Tuesday, May 22, 2012

The Leftovers, Tom Perrotta

Have you ever been driving down the road and come upon a car with the bumper sticker that reads, "In case of rapture this car will be unmanned"?  For a while they were real popular here in southern Chicagoland, and every time I saw one I thought the same thing, How arrogant! Granted, as an atheist I don't really believe in the Rapture or heaven, but from what I know about the teachings of Jesus somehow I find it hard to believe that he would be in favor of his followers assuming that just by believing in him they get a free pass to heaven when the Apocalypse happens.  Wasn't he all about good works and loving your neighbor and turning the other cheek and all that?  What would happen if suddenly millions of people worldwide disappeared in a Rapture-like event but the supposedly devout faithful weren't necessarily among them?

This event and its aftermath are the backdrop for Tom Perrotta's latest book, The Leftovers.  One October morning millions of people all over the world, of all races, cultures, and religions, simply disappeared.  Vanished without a trace.  One minute you are sitting next to your best friend on the couch, the next instant-gone.  Some people lost their whole family in the blink of an eye, other families stayed intact but lost friends and colleagues.  There appeared to be no rhyme or reason to the disappearances, which led those trying to recover from the loss to find different ways to cope.  The novel follows one family and their attempts to make sense of what seems like a senseless event.  Kevin and Laurie and their children Jill and Tom  were living the American dream.  Kevin was a successful businessman, Laurie a busy stay-at-home mom.  Jill and Tom were both honors students, and Tom has just left for Syracuse University when the Sudden Departure, as the world soon called it, occurred.  Three years later, Laurie is a member of a cult called the Guilty Remnant, Jill has shaved her head and nearly failed out of school, and Tom has disappeared into the organization of a faith "healer" who gained fame by hugging away the pain of those left behind.  Kevin tries desperately to keep some semblance of normalcy going while trying to give everyone he loves time to recover from what happened to them all.

The narrative structure of this novel is of the every-chapter-from-a-different-POV variety, which I know bothers some people, but it works in this book because it allows Perotta to examine the various personal emotional reactions of the people affected by the Sudden Departure of their friends and family.  Aside from the family listed above, we also see the point of view of a woman named Nora, who lost her entire family-husband and two kids-in the time it took for her to go to the kitchen for a rag to wipe up a spill.  The depth of her grief feels boundless-to her and to the reader.  Her unsuccessful attempts to move on from the event illustrate just how difficult it can be to move forward when everything you thought you knew is taken away.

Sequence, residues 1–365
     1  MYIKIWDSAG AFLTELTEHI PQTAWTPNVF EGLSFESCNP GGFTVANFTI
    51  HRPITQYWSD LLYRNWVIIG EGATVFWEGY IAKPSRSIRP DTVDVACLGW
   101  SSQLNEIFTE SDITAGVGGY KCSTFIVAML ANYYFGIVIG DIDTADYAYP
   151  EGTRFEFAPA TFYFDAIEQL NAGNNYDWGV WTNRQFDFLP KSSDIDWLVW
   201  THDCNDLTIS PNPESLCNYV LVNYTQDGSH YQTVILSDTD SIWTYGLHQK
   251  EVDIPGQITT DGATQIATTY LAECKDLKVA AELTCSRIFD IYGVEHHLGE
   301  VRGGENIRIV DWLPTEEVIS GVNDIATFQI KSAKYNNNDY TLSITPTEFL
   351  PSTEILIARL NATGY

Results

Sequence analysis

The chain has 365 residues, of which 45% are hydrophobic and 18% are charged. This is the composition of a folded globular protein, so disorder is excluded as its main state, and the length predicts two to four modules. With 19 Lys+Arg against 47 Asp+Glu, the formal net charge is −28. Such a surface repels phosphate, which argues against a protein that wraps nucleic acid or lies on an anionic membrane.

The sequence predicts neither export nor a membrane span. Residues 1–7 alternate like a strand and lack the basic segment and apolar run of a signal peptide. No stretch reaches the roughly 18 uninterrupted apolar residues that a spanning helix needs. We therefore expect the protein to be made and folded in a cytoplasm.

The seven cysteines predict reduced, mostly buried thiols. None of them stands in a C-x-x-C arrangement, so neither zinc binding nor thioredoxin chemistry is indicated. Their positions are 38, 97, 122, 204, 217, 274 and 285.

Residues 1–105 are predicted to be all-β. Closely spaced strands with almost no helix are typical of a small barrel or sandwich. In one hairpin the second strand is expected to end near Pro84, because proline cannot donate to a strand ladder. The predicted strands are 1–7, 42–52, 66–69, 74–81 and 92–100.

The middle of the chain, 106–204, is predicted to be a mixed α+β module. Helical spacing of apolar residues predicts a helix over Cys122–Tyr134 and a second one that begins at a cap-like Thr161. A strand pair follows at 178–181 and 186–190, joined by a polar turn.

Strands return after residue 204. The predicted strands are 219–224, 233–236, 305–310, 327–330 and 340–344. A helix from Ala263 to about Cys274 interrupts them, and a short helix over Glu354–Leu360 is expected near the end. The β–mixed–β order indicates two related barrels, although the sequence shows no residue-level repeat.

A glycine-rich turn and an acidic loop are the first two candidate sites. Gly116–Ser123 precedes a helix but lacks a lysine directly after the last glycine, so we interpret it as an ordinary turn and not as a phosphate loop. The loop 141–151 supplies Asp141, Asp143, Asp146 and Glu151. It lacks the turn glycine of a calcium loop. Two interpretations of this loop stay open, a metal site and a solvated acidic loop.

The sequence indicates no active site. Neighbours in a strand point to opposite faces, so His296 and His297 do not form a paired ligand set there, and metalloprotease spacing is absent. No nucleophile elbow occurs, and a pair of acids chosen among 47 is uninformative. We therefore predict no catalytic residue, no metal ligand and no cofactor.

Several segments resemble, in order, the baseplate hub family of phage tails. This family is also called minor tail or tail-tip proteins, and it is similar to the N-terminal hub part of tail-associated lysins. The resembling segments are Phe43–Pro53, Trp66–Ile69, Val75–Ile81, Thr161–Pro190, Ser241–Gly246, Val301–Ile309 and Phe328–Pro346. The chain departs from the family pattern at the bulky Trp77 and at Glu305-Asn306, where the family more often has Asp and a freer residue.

Perrotta does an admirable job imagining how different types of people would react to such an impossible-seeming occurrence.  The loss, and ultimately the not knowing, drive people to extremes.  Some turn to religious cults who claim to understand "god's" plan and to provide answers that people seek.  Some frenetically try to return to normal, diving into the same mindless consumerism that existed prior to the Departure.  Some turn to drugs or alcohol or sex as a way to dull their pain.  But the book does not dwell only on the sadness and loss-to me the book's message speaks to the human ability to survive, to the unique capacity of human beings to adapt to new circumstances, to the idea that even in a world where the old rules have been turned on their head, people can and will begin to create order from the chaos.

4 comments:

  1. This sounds really good! I read a few Perrotta books last year and have been waiting for this to come out in paperback, and now I kind of can't wait to read it!

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  2. I reviewed this book several months ago, and I still remember how the last chapter had my mind spinning. Perrotta is, I think, unmatched in his ability to nail the banalities and human drama of suburbia.

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  3. This book is on my wishlist as I think it must be really good. I didn't realise it was told by different POVs. I usually don't like it if there are too many different POVs. Still, the story really appeals to me.

    BTW Totally agree with the first paragraph of your post!

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  4. @Judith-Basically there are five points of view-the four members of the central family and the woman who lost her husband and kids. I did not find it hard to follow, as each chapter told a pretty complete series of events from start to finish.

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